If this occurs, you can use the following steps to recover the offline LUN:
The system administrator reviews the information that is associated with event ID 150 in the System log.
The system administrator informs the storage administrator about the issue.
The storage administrator either extends the LUN capacity or adds more physical disk resources to resolve the permanent resource exhaustion.
The storage administrator notifies the system administrator about the change in LUN status.
The system administrator uses File and Storage Services in Server Manager or the Disk Management tool to rescan the disk, bring the disk online, and extend the disk size.
In Windows Server 2012, when a large file is deleted, the file system performs space reclamation according to the storage array setting. Large file deletions can potentially affect the performance of the regular I/O. To protect against this, you can do either of the following:
Configure a registry setting to disable the file-delete notification that triggers real-time space reclamation. Realize that if you configure this setting, this disables the file-delete notification for all LUNs that are assigned to the host.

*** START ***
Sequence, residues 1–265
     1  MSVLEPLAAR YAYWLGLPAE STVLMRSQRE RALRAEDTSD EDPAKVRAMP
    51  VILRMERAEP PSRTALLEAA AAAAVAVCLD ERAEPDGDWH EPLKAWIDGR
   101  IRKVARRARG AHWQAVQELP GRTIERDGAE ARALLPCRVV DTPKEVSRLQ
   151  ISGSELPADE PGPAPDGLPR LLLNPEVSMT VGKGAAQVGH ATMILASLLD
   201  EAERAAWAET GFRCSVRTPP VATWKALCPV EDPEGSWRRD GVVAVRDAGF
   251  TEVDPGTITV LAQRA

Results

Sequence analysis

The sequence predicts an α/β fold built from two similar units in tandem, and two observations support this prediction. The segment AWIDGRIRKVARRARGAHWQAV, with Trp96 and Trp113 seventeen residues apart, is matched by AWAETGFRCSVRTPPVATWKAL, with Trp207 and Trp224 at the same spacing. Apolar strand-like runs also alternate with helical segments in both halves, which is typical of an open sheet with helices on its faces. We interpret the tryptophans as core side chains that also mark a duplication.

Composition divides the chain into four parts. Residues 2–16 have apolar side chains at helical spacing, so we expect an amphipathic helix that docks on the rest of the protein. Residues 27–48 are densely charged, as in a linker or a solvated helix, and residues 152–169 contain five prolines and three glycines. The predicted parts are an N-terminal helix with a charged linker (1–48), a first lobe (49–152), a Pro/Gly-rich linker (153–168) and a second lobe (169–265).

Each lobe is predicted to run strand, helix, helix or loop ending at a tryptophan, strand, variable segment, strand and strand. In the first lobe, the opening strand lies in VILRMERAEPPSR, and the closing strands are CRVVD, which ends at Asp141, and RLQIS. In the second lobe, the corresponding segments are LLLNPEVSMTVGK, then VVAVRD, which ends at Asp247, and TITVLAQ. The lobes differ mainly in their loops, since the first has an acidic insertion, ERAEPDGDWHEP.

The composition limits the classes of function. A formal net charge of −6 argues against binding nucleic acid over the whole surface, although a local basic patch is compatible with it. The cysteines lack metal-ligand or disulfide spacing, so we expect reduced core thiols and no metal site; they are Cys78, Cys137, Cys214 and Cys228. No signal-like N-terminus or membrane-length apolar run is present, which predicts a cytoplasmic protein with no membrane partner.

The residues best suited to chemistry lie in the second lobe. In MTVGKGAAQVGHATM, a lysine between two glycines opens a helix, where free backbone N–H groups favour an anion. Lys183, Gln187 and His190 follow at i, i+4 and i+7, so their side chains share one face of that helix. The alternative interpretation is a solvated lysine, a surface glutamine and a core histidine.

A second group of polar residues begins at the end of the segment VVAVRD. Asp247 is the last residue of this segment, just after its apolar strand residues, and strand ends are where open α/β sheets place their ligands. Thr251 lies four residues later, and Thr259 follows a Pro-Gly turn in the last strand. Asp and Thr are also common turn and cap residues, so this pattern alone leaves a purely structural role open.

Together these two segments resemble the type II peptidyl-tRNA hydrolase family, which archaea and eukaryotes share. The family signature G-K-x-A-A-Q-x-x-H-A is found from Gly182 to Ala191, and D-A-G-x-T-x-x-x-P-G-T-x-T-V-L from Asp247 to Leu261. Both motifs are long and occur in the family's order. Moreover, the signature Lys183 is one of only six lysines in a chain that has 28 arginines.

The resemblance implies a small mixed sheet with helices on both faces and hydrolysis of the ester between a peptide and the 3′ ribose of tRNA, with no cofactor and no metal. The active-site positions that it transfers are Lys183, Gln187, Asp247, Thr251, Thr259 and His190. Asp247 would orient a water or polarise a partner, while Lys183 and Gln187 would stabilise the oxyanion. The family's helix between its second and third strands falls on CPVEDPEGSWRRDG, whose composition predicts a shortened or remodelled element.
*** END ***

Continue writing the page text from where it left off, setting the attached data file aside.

If you want to use real-time space reclamation, but you have a thin-provisioned LUN that is used by a highly volatile application where large file deletions are common, we recommend that you convert the thin-provisioned LUN to a thick (or full) provisioned LUN. A storage administrator can do this by using the vendor’s storage management tools.
To disable the file-delete notification (trim) in the registry, follow these steps:
The following registry change impacts all NTFS volumes and does not require a restart.
Incorrectly editing the registry may severely damage your system. Before you make changes to the registry, back up valued data on the computer.
Start Registry Editor.
Locate the following registry subkey:
In the Value data box, enter a value of 1, and then click OK.
If you have concerns or questions regarding the status of space reclamation, we recommend that you contact your storage administrator or your storage array vendor for more detailed information or for troubleshooting recommendations.
For additional information, see the following resources.
Hardware certification requirements